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How many mortgage holders have banks taken to court so far this year?

We take a dive into the figures available for the cases brought against homeowners in the courts over the past few years.

THE NUMBER OF High Court cases launched by some of Ireland’s main banks has dropped in the first three months of this year compared to last year, but opposition TDs have said that there is “no room for complacency” on the issue.

Others have said that “after a decade of this crisis”, it is hardly surprising that the number has gone down, but warned about the potential impact that vulture funds will have on mortgage holders.

Fianna Fáil’s finance spokesperson Michael McGrath told TheJournal.ie that while the vast majority of repossession proceedings take place in the Circuit Court, the figures available from the High Court “point to an overall trend”.

Banks generally apply for repossession orders through the Circuit Court in the first instance, but can routinely escalate matters to the High Court.

Using data compiled with Courtsdesk, TheJournal.ie compared and contrasted the number of people against whom five of the main Irish banks launched legal proceedings against over the past four years.

The number of High Court cases taken out by AIB and Bank of Ireland have decreased this year, while Permanent TSB has ramped up its activities.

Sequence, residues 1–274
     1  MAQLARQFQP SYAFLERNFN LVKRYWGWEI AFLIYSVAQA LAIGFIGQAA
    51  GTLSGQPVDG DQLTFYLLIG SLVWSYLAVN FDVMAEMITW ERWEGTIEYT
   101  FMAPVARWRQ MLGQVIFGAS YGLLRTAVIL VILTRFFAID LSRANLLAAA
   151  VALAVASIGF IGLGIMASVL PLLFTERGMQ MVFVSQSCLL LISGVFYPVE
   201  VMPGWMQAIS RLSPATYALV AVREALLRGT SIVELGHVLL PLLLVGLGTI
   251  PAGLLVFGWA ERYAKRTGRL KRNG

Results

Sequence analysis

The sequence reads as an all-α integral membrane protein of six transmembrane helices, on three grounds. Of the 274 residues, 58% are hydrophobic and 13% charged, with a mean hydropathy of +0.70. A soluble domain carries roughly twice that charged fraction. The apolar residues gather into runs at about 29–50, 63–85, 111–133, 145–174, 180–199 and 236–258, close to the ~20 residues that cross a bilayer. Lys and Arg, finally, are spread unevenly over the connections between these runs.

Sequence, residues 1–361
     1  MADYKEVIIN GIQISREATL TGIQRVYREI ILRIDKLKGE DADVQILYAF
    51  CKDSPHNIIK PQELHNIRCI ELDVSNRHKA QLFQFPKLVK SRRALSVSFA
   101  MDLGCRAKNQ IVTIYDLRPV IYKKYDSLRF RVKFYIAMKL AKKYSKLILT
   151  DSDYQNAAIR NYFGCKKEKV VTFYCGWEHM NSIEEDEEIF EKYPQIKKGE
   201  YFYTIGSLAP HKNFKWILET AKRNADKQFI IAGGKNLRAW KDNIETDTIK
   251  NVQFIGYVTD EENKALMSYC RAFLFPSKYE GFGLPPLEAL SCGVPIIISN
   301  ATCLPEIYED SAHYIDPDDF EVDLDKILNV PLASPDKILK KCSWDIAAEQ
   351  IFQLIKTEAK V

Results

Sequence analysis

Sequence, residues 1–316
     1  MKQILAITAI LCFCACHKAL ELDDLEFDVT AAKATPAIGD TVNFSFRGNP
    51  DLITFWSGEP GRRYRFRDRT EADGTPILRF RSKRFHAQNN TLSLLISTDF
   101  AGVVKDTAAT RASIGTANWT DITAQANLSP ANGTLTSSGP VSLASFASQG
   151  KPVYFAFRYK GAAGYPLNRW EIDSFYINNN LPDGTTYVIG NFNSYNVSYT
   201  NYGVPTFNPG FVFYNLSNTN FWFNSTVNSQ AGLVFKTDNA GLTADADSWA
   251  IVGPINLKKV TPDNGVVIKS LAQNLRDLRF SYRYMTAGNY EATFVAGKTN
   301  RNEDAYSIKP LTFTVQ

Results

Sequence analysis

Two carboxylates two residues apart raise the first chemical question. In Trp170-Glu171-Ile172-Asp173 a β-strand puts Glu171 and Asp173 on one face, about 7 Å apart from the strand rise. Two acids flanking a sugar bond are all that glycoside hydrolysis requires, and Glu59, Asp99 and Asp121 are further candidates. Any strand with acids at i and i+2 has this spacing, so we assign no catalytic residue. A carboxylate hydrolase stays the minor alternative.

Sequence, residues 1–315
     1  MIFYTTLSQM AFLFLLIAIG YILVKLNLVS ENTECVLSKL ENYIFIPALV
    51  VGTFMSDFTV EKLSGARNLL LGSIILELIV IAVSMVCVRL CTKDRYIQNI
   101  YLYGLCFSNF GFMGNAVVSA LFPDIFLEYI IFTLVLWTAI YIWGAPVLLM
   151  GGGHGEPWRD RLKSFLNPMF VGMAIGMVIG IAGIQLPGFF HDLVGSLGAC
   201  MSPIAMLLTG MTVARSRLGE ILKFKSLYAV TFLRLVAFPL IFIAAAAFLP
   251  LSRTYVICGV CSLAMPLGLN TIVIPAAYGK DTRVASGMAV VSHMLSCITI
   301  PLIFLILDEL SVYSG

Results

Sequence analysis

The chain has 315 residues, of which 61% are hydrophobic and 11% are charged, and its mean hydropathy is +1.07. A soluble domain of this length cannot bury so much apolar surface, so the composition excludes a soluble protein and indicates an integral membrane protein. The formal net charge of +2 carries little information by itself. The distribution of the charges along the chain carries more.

Here’s a breakdown of how many cases have been taken out by the banks against mortgage holders so far this year:

  • Bank of Ireland – 42 cases
  • AIB – 30 cases
  • Ulster Bank – 6 cases
  • Permanent TSB – 58 cases
  • KBC Bank – 27 cases

20180404_Banks_1 Data compiled with courtsdesk Source: Statista

In all that’s at least 163 cases taken out by the banks against mortgage holders in January, February and March of 2018.

Typically, these will be cases that have fallen into arrears where the bank may be seeking a repossession order of the home or property.

Going in a bit further, we can see that the number of cases taken out this year is actually lower compared to previous years.

In 2015, these banks launched over 193 cases in the first three months of the year. In 2016, this figure was at least 256, but dropped back down again to 194 in 2017.

And, as for a bank-by-bank breakdown, we can see that some of them have lessened the number they take to court, others have remained broadly similar, while another has risen sharply.

While AIB’s numbers doubled from 2015 to 2016, it dropped sharply again in 2017 and has halved in 2018.

20180404_Banks_2 Data compiled with courtsdesk Source: Statista

The trend with Bank of Ireland is also downwards with the number almost halving between last year and this year.

For Permanent TSB, however, the number has significantly increased from just seven in the first three months of 2017, but 58 so far this year.

The numbers of Ulster Bank customers taken to court has remained broadly the same in recent years, but KBC’s has also increased from single figures to 27 this year.

McGrath said: “With the overall level of mortgage arrears falling, you would expect enforcement action before the Courts to fall off. For many people, a restructuring arrangement can be entered into between themselves and their lender or some solution found through the insolvency service despite its limitations.

Both of these options are preferable to an adversarial court action being taken to get a forced repossession. We should not ignore the fact that for every house repossessed, probably another two are lost due to so called ‘voluntary sale’ and ‘voluntary surrender’.

Vulture funds